Chris Schulz Published

University Leaders Call On Business Community For Help

Four men are seated below a screen on a stage above a crowd seated at circular tables. To the left of the men stands a woman wearing green at a lectern.
Ericke Cage, president of West Virginia State University, (right) speaks as part of a panel on higher education at the West Virginia Chamber of Commerce Business Summit Sept. 1, 2023.
West Virginia Chamber of Commerce/YouTube

The role of education in the state’s business future was a key talking point at this week’s West Virginia Chamber of Commerce’s Business Summit. Marshall University President Brad Smith and West Virginia University President Gordon Gee opened the summit by announcing a program to try and keep college graduates in the state. 

Immediately after the announcement, Smith discussed how higher education is fueling West Virginia’s economy and on Thursday Gee was joined by Marty Roth, president of the University of Charleston, to discuss investments in the state’s next generation.

On Friday, presidents from the state’s smaller schools such as Glenville State University, WVU Tech and Mountwest Community & Technical College came together to discuss how higher education is driving change in West Virginia.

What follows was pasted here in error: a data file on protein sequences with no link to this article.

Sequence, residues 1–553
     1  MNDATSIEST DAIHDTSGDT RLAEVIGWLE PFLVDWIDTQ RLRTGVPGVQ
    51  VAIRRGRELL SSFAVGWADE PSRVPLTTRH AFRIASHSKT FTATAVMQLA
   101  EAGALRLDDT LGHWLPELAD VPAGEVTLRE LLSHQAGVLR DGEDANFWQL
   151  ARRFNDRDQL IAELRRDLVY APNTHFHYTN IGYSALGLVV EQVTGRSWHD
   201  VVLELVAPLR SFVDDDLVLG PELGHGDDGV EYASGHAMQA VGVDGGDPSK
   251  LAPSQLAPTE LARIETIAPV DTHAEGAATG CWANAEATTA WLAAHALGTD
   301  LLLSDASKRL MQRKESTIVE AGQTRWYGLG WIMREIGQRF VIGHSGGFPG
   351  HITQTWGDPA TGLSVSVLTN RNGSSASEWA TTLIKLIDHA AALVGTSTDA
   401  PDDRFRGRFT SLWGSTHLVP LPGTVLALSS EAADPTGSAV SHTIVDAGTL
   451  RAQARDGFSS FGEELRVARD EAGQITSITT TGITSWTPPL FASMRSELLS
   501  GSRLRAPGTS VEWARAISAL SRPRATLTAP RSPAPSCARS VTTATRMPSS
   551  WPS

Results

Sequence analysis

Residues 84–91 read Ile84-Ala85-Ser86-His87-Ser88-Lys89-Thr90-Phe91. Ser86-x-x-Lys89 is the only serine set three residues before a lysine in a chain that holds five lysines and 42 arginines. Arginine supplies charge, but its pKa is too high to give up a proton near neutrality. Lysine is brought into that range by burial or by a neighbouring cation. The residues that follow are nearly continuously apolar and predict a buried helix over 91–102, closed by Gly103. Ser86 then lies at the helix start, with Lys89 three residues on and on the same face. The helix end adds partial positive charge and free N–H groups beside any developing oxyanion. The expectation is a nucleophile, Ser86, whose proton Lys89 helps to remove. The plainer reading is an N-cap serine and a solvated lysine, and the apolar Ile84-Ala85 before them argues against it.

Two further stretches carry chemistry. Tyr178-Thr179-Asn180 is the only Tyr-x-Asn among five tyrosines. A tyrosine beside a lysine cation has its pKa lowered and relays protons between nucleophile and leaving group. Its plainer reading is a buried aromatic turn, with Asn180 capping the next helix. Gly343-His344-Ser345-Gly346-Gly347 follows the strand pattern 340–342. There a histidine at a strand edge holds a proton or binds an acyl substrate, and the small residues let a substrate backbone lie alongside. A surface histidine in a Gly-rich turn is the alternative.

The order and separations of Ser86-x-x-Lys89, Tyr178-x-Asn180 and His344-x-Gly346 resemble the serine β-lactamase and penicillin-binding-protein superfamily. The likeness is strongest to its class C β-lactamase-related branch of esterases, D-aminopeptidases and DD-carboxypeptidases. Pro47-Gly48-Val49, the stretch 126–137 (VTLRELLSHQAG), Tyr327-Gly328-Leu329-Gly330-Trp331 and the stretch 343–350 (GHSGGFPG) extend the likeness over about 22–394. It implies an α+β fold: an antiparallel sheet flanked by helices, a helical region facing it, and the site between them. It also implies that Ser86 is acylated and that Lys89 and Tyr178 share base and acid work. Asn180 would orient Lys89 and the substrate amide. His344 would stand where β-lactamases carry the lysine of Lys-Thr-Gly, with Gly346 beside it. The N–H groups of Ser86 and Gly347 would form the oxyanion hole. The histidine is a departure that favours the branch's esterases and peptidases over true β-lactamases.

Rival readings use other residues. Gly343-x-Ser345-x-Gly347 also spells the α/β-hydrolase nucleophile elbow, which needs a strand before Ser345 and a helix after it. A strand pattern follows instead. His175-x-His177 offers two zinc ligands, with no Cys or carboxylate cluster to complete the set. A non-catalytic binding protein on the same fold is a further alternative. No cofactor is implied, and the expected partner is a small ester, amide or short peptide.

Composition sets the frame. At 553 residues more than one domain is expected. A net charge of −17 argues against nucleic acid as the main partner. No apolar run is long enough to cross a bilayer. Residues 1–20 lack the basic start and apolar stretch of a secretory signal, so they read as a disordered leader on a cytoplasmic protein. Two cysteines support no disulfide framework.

Ericke Cage, president of West Virginia State University, addressed the question of whether higher education still matters moving forward. 

“There’s only one way that a self-described small town, country boy from southern Virginia is able to sit on the stage today and be the president of one of West Virginia’s great institutions, and that is through the transformative power of education,” Cage said. “Make no mistake, ladies and gentlemen, higher education still remains the greatest platform for social and economic mobility in our country.”

Sarah Armstrong Tucker, chancellor of the Higher Education Policy Commission called on the assembled business community to stand with higher education and its role in the state’s future job market.

“When I go out and I talk to students in K-12, not once do they tell me I’m choosing what I want to do for my future because of the football team,” Tucker said. “They tell me that they want a job. They want a job that will pay them enough money that they will be better off than their families were. They want security. They want to know that they will be able to feed their children. And that’s where we need you.”